This four part adventure was written by Chris Boucher and broadcast between 29th October and 19th November, 1977. The supernatural trappings seem to be a bit of a throwback to the Philip Hinchcliffe era - or Barry Letts' The Daemons. Another village coven, another ancient alien influence which has been at work in Humankind's development. Another influence might be Quatermass And The Pit, with its alien interference. There is a definite Hammer Horror feel throughout.
This was the final story commissioned by Robert Holmes. When Chris Boucher was unable to complete rewrites (due to commitments on Blake's 7) the Story Editor-designate Anthony Read took over.
K9 is notable for his absence, being left in the TARDIS under repair. Boucher hadn't known until too late that it was going to be joining the TARDIS team.
The full grown Fendahleen make for quite an effective monster - courtesy of visual effects designer Colin Mapson. There is some nice spooky night-time filming in the woods around Fetch Priory - actually Mick Jagger's "Stargroves", which had featured in Pyramids of Mars.
There is a strong Only Fools And Horses connection in the guest cast. Dennis Lill (Fendleman) and Wanda Ventham (Thea) played Cassandra's parents - Rodney Trotter's in-laws. Wanda is best known these days as Sherlock Holmes' mother - both on and off screen. She had previously appeared in The Faceless Ones and will return in Time And The Rani. Max is played by Scott Fredericks - previously Boaz in Day of the Daleks. Adam Colby is played by Edward Arthur, whom Tom Baker knew very well from working in theatre together. Jack Tyler is played by Geoffrey Hinsliff, who became a regular on Coronation Street in the 1980's, and who returns to Doctor Who in Nightmare of Eden.
The stand-out performance of this story belongs to Daphne Heard as old Martha Tyler. She's feisty and funny throughout.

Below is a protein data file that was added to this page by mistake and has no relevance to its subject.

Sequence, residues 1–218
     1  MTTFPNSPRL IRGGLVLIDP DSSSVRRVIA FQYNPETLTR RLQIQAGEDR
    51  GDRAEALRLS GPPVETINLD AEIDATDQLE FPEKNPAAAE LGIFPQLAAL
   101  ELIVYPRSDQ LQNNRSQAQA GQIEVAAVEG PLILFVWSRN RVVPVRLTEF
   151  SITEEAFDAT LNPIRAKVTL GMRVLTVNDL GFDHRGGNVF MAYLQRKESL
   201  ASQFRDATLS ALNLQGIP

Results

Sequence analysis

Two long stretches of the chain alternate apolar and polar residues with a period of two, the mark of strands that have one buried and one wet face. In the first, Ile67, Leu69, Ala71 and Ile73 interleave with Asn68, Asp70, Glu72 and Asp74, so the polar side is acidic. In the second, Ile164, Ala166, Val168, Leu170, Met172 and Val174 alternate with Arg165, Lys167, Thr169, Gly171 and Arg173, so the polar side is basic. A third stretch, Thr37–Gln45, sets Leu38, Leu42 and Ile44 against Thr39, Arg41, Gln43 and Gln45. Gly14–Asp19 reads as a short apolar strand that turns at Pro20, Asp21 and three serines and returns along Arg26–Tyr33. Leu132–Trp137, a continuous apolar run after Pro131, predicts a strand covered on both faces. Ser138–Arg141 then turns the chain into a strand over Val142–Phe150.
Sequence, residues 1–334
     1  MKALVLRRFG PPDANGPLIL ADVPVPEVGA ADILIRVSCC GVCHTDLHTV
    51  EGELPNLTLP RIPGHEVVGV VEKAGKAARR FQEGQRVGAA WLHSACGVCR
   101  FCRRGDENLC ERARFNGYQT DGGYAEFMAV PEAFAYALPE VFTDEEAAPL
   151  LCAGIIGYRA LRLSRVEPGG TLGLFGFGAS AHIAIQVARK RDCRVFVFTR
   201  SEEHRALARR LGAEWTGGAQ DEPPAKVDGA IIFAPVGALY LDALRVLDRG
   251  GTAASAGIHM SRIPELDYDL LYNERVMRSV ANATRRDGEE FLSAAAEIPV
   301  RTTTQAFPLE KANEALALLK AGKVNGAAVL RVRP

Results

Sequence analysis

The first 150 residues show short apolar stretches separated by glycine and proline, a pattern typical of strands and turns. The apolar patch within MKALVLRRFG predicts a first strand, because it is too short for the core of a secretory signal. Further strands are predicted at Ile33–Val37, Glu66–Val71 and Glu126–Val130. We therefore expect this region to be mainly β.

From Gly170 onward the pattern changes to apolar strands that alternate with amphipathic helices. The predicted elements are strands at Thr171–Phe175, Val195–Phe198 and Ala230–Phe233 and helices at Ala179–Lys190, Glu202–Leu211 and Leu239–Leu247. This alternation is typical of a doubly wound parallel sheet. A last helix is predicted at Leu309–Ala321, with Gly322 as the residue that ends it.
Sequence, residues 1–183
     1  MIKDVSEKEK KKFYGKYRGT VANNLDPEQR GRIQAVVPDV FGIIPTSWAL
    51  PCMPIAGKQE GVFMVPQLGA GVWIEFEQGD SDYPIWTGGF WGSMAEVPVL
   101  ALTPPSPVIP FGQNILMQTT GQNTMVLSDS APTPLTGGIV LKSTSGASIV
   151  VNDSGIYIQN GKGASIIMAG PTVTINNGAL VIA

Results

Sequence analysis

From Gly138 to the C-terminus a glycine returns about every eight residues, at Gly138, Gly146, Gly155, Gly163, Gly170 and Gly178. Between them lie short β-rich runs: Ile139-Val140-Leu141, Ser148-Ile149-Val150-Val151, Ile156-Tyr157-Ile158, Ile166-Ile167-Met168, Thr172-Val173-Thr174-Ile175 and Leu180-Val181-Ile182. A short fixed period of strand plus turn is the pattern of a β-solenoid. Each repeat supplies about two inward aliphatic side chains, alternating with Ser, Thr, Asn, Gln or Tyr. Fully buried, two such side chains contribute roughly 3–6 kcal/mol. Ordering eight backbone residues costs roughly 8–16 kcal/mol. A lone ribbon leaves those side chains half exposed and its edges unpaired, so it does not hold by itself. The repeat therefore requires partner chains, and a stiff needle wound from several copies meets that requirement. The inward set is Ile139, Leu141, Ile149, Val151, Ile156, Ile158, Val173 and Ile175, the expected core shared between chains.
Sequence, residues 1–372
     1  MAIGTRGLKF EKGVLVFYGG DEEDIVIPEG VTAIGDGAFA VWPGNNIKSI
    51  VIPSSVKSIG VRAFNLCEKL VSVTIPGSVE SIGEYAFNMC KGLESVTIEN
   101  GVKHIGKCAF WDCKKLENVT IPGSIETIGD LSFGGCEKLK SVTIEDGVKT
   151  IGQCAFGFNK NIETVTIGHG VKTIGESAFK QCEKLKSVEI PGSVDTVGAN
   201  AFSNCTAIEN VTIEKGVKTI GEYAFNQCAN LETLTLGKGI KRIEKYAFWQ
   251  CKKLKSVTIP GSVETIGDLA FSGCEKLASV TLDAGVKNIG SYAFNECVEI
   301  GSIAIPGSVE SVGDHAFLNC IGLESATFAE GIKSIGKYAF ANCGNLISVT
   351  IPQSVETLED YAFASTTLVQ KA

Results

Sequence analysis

Episode endings are:
- The Doctor suddenly finds he is unable to move, as some unseen creature approaches him through the woods...
- The Doctor finds the skull in the lab. He feels compelled to place his hand on it and it begins to glow. He feels his life-force being drained from his body...
- The Doctor, Leela and the Tylers are exploring the Priory when they are confronted by a Fendahleen. They find they cannot move...
- The Doctor resumes repairs on K9, resuming an earlier conversation with Leela about referring to machines as he / she / it...
Overall, not a bad story. Nice Gothic trappings - foggy woods, old mansions and dark deeds in the cellars.Some of the dialogue is a bit ropey. Worth watching for Daphne Heard's performance.
Things you might like to know:
- The initial Fendahleen costume did not have the cowl round the mouth section. This was added late in the day as the original design looked a bit phallic.
- During the night filming at "Stargroves", one of the crew's electrical generators caught fire.
- The DWAS fanzine "TARDIS" reported that this story had the working title The Island of Fandor - the editor having misheard the real title.
- Fetch Priory and the village of Fetchborough - in folklore, a "Fetch" is a ghost that appears to those about to die. It often has the appearance of the doomed person.
- The Fendahleen are affected by salt. It's an old tradition that if you spill salt, you should throw a pinch of it over your left shoulder. (The Devil is supposed to look over your left shoulder). Salt also kills garden slugs - which the creatures are based on.
- The Priory dog is called "Leakey". This is a reference to the scientist (and now politician) Richard Leakey. His team discovered ancient hominid fossils in Africa in the 1960's.
- Either that, or the poor mutt had an incontinence problem...